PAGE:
Niagara Gazette

Local News

June 30, 2012

WALK THIS WAY

Area tourism officials still measuring impact of Wallenda event

Niagara Gazette — In the wake of the global media coverage of Nik Wallenda's walk, area tourism operators are hopeful that the Independence Day influx and the rest of the month may set yet another record for Niagara Falls.

The Wallenda impact still is being measured but one early survey — conducted by the Niagara University College of Hospitality and Tourism Management —showed the economic impact of the Wallenda performance was $3.3 million was the three-day period starting June 15. The survey also disclosed that the event attracted 38,000 people to the destination for one day.

John Percy, president and chief executive officer of the Niagara Tourism and Convention Corp., said that in the two weeks after the Wallenda walk, the NTCC has experienced a 30 percent increase in bookings, including hotel reservations, tour packages and attractions. A similar increase was reflected on the NTCC's web site.

The Fourth of July holiday — this year on Wednesday — is generally viewed as the busiest period of the 100-day tourist season, which runs from Memorial Day weekend to Labor Day. Meanwhile, on the Ontario side of the river, Canada Day (July 1) will be celebrated Monday.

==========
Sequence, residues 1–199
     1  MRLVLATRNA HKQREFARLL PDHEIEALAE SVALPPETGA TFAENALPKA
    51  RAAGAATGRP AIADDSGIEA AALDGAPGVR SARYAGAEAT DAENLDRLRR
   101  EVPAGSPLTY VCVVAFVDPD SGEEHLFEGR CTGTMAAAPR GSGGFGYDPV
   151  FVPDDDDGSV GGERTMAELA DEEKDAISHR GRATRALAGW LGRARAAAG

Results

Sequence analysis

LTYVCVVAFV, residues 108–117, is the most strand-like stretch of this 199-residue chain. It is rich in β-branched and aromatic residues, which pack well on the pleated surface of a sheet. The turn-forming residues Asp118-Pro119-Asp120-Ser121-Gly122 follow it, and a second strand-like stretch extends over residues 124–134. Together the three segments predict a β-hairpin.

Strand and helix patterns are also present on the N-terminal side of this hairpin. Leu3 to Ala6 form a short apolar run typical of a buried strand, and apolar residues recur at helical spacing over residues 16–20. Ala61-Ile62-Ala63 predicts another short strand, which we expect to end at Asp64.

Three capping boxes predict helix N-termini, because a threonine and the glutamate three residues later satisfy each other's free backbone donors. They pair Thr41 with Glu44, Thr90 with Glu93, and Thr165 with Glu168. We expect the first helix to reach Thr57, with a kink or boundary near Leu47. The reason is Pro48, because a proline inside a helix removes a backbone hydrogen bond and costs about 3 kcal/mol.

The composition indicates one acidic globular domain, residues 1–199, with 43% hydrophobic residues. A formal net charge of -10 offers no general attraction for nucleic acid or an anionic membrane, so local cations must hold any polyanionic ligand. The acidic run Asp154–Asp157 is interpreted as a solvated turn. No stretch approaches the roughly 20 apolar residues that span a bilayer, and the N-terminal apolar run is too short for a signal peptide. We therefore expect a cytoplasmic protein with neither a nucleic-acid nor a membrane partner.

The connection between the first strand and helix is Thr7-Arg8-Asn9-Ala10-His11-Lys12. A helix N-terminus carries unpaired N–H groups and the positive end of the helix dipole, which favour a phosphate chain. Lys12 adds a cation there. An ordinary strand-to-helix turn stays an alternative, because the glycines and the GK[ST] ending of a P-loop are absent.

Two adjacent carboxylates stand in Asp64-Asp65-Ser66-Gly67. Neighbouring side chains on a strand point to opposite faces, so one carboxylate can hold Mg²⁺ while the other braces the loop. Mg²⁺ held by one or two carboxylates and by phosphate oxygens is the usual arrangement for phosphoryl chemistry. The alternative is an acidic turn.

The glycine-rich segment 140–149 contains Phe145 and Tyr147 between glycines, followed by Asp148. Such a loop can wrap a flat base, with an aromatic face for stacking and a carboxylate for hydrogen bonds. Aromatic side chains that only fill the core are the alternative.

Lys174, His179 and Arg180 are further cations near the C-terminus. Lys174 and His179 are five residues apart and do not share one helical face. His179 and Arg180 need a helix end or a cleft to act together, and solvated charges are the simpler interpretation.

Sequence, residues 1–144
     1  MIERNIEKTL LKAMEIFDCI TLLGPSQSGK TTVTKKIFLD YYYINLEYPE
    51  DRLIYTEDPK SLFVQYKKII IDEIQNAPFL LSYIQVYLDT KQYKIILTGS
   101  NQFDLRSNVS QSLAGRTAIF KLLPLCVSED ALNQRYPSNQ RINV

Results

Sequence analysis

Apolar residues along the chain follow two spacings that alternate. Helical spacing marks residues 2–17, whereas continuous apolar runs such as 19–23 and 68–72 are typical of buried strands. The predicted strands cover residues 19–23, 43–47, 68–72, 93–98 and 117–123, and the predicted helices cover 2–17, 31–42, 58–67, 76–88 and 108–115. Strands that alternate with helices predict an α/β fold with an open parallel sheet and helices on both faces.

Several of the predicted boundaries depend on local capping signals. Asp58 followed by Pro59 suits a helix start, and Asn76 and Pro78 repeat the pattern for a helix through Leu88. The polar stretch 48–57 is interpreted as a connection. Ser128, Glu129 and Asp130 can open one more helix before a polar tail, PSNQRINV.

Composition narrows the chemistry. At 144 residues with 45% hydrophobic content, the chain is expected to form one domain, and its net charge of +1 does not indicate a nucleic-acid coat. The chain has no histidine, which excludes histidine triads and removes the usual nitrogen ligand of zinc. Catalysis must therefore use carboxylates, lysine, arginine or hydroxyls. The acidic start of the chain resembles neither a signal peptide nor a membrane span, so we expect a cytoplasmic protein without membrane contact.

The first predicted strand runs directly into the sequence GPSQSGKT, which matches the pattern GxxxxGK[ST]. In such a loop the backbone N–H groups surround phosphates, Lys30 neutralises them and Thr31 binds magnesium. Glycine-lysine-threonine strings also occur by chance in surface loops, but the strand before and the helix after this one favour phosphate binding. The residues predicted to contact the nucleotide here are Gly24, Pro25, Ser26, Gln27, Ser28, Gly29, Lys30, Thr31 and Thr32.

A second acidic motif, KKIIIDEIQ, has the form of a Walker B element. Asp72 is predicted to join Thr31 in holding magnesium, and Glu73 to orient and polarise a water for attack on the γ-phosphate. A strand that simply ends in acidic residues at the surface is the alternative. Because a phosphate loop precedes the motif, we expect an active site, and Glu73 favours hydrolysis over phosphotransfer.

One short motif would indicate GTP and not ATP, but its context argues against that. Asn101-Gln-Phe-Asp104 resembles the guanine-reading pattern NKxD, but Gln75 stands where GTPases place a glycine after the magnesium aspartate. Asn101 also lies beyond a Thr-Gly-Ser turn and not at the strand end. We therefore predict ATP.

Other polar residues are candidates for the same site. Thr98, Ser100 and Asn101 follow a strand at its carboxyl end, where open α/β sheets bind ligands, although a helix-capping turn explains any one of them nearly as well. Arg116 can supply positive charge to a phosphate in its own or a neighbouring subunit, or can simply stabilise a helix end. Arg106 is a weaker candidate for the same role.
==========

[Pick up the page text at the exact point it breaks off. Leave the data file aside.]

That Independence Day falls in mid-week does not seem to be any deterrent, according to many tourist industry people, because the overall season is already off to an impressive start.

"We'll just count on two strong weekends," said Bill Torchia, who is the retail sales director for Gray Line of Niagara Falls & Buffalo. Traditionally, this entire month is regarded as prime travel time for millions of Americans and area hoteliers are confident that all the recent publicity for the falls — with the focus on Wallenda — will help even more.

"We've had a real busy season so far," said Mark Thomas, regional director for the state Office of Parks, Recreation and Historical Preservation. Even before Wallenda's June 15 walk across the Niagara Gorge and over the Horseshoe Falls, there were clear signs of renewed excitement within the Niagara Falls State Parks and for its attractions.

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